This Is Karl Moore of the Desautels Faculty of Management at McGill University with Talking Management for The Globe & Mail. Today I am delighted to sit down with Ioannis Ioannou from the London Business School.
During the great recession what's the best strategy. It seems we may be back, in some parts of the world, in a recession. What is the appropriate strategy going forward according to your research?
IOANNIS IOANNOU - So Karl this is a paper that I am working with Caroline Flammer who is at Ivey, and we wanted to understand whether companies actually invest or save their way out of a recession. You can see there are arguments both ways, right? You can say, well, during a recession there is uncertainty, there is a liquidity constraint and therefore some companies are likely to entrench, postpone some projects, fire or lay-off people and so on, but others might say, "Yes, but a crisis is also a situation in which equity prices and asset prices come down," so perhaps companies will invest.
So, particularly this crisis which is a financial crisis, the great recession of 2007-2009, we used that kind of data to see what the U.S. companies did. So the big finding in this paper is that, as perhaps people would except, companies on average did diminish their labour force and reduce their capital expenditures. However, they did not, they maintained their investments in innovation capability, in terms of R&D, and in terms of stakeholder relations, in other words in terms of CSR. So we called this paper "The Dog That Didn't Bark" exactly because the non-finding, the maintenance of this strategic investment, was an important finding. Now the companies that did not reduce R&D and stakeholder relations investments, CSR investments, they are the ones that did much better following the crisis.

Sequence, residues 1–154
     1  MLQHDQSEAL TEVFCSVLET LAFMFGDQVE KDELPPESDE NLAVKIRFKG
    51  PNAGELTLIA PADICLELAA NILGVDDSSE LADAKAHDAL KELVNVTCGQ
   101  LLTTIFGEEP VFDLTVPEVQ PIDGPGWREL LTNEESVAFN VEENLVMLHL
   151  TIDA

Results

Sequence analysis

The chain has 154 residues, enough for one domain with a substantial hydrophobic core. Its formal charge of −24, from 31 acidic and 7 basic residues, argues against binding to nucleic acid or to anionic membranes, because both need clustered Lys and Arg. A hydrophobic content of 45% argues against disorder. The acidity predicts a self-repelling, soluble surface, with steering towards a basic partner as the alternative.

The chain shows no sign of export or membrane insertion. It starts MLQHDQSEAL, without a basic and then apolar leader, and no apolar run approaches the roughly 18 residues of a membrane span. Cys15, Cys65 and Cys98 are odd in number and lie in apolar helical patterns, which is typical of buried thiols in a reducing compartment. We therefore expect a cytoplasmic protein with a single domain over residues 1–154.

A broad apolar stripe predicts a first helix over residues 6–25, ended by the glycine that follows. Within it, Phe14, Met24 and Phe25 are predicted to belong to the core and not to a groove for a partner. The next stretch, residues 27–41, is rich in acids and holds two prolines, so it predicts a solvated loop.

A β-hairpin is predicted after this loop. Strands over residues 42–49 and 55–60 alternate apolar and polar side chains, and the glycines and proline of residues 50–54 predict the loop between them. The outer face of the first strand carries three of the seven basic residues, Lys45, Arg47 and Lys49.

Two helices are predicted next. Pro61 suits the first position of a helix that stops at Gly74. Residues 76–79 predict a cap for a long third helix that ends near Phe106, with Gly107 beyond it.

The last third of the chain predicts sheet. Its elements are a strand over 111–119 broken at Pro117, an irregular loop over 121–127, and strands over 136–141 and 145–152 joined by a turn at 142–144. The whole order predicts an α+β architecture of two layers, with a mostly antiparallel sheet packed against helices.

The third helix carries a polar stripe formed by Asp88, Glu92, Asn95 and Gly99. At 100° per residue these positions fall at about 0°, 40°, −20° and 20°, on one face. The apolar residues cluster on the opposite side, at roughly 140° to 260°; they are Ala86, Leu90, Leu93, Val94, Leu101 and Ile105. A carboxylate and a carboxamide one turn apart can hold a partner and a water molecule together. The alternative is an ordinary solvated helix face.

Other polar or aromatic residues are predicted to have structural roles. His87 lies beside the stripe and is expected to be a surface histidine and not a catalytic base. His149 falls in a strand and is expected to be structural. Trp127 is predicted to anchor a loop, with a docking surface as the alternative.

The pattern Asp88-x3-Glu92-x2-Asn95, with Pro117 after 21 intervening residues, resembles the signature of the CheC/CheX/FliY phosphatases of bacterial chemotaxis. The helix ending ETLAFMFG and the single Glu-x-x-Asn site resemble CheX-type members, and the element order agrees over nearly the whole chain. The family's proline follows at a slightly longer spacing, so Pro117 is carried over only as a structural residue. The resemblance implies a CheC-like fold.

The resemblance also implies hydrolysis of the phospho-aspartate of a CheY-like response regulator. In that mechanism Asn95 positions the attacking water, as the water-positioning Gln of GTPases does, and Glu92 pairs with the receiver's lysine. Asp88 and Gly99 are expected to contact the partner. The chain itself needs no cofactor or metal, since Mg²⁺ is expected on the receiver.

MOORE – So what do you attribute this to?
IOANNOU - It's all about intangible resources, summarized by innovation capability and stakeholder relations. We argue that those kinds of rescues are particularly important during a crisis for three reasons. One, they enable firms to become more efficient and creative. Second, they enable firms to become more adaptive during times of crisis. Thirdly, they enable organizations to be more resilient during times of crisis.
You can see that these three attributes are particularly valuable and useful during a crisis because a crisis is a situation in which you have disruptions in the entire business environment. So it's not like an industry technological evolution, this is a much grander crisis. It introduces major uncertainly, it disrupts relationships not only with customers but with a range of stakeholders and a companies experience economy wide, a huge drop in consumer demand which might create excess capacity and therefore inefficiency within companies.
So those are the sort of three mechanisms, so efficiency and creativity, adaptation and organizational resilience. We argue that intangible resources are particularly valuable in those three respects.